Many people like to make the day trip to the petite colonial town of San Sebastian, located in the mountains to the east of Puerto Vallarta. Unless there’s a festival schedule, there’s not much to do in this quiet hamlet but it’s a great place to go for some relaxation and to learn some of the local history. There are a lot of little towns nearby and on the way that you can stop in and explore a little if you’re fortunate to be driving yourself.
If you have the time, I recommend at least staying overnight so that you can really check out the area. There’s some wonderful photo opportunities and scenic vistas on the drive. If you do plan on staying the night, I highly recommend booking a room at Hacienda Jalisco, an old Hacienda from the times when San Sebastian was a vibrant mining town.
Indeed, San Sebastian used to be as bustling and wealthy as any major metropolis in Mexico, with almost 30,000 residents. The Spanish took over the mining operations and the town grew fat on profits from precious metals and gems, but when the mines closed, the people left for other places and now the town holds a mere 1,000 residents.
The only time the town is busy is when the tour buses from Puerto Vallarta bring up the tourists for a day trip. By mid-afternoon, the town is almost deserted again and it’s a perfect time for strolling the quaint streets and poking your head into little shops to buy some locally made jam or candy.
Hacienda Jalisco, an original Hacienda, retains the authentic charm from days long past. From the moment you pass through the gates and cross the bridge to the Hacienda, you will feel as though you’ve been transported back in time. The sturdy building with great wooden shutters sits amid orchards of fruit trees and large gardens that supply much of the food for the hotel. The downstairs is a museum which is well worth a look even if you can’t spend the night. There are documents from the mining operation, including ledgers of payments to workers and accountings of the riches being sent back to Spain.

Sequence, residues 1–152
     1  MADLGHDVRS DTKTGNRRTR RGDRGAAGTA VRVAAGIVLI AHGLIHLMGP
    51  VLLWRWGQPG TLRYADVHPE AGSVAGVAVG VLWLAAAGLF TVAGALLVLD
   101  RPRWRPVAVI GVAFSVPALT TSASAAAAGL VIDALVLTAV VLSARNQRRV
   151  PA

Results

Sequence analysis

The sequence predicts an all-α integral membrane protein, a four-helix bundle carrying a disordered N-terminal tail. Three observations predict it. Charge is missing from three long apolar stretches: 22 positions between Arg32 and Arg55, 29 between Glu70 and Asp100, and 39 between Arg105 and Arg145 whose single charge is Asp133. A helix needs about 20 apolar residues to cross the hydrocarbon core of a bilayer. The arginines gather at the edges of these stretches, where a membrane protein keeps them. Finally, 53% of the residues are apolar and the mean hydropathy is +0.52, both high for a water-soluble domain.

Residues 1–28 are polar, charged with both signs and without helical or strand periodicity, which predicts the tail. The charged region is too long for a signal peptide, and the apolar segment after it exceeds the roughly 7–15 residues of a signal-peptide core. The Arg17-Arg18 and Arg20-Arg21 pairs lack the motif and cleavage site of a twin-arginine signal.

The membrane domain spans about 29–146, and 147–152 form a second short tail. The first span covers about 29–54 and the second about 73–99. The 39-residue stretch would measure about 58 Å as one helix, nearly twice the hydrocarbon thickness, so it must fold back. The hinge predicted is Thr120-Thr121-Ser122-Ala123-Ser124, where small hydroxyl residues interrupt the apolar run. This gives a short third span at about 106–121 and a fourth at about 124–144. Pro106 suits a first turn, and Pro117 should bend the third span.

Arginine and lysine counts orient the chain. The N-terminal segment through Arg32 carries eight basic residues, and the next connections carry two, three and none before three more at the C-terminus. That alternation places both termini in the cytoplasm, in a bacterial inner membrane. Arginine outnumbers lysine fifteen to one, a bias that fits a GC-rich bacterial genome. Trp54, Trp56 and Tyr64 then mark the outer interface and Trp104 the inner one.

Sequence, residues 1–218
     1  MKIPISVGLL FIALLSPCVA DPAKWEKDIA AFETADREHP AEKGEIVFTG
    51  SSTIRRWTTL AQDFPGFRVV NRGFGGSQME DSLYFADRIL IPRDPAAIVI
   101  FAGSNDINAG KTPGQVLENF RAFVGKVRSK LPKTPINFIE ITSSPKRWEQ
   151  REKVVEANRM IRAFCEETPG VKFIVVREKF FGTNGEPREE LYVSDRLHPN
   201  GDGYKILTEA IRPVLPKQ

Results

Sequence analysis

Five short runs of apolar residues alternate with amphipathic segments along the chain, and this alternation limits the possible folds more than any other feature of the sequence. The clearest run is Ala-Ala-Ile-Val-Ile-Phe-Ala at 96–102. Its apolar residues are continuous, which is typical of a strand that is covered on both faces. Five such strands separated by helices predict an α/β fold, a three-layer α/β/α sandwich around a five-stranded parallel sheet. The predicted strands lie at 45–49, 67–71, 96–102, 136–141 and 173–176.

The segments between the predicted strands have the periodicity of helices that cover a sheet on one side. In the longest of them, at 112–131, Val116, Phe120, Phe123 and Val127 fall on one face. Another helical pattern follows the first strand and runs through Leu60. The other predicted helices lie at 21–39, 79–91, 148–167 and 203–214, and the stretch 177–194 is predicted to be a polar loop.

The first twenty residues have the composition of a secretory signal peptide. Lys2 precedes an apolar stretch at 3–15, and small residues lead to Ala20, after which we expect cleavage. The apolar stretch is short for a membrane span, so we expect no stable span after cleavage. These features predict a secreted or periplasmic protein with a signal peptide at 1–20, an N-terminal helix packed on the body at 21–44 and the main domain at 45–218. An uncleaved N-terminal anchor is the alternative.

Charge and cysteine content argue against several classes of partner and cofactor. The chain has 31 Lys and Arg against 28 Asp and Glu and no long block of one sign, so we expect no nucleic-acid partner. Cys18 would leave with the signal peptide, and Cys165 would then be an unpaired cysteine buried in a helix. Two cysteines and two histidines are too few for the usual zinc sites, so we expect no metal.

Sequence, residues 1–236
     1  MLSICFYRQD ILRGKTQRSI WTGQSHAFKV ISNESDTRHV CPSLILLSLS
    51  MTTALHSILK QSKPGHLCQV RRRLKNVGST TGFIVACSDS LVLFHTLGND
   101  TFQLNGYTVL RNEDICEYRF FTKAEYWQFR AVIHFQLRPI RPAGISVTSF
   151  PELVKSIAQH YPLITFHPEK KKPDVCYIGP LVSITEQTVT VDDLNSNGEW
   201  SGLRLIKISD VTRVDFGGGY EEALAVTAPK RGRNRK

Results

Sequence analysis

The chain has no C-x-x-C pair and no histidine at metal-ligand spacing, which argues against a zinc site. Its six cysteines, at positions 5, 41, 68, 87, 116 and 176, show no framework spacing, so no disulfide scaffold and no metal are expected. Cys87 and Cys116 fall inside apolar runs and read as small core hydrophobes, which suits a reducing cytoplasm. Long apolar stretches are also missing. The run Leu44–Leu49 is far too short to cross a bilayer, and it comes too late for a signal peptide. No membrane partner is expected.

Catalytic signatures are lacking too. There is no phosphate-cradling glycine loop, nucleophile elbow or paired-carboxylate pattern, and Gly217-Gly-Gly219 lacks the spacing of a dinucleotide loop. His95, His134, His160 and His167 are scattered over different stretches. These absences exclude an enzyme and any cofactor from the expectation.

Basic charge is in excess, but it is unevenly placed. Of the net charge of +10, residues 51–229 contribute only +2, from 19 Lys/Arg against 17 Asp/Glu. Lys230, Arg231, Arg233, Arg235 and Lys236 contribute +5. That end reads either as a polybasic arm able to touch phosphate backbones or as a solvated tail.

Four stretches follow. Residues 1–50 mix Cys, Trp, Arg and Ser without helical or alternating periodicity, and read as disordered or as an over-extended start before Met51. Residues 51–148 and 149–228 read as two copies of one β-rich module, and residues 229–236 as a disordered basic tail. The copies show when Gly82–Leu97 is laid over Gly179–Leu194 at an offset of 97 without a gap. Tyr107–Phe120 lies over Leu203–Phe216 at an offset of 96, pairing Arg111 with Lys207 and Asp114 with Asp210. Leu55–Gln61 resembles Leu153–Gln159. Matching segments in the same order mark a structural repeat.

In other rooms you’ll find more recent history, much of it Hollywood related, as the Hacienda was a favorite of celebrities who came to spend time with the previous owner, who himself came from a Hollywood family. You’ll read personal correspondence from movie stars and dignitaries and see photos from Vallarta’s initial heyday when the Night of the Iguana was being filmed.
The rooms are spacious, with three suites on the upper floors, all containing great fireplaces for warmth during the cool winter months. There is no electricity in the building, just oil lamps for light but there is hot water in the modern bathrooms. The rooms are decorated with antiques and mementos, many found on site from the Hacienda’s previous incarnation as mining headquarters.
Dinner and breakfast are served family style in the courtyard below and in the evenings, guests sit around the central bonfire sharing stories and visiting. It’s a homey, friendly kind of place and perfect for a romantic getaway or just for those seeking a little peace and quiet. In the morning, manager Joe Thompson takes guests on a tour of the grounds and shares some of the history of the area and the Hacienda. By the time you need to leave, you’ll be wishing for just a couple more nights of rustic solitude in the mountains.
Hacienda Jalisco — $80-90 includes breakfast and dinner
Reservations through Pam Thompson: tel. 322/222-9638 or 322/107-7007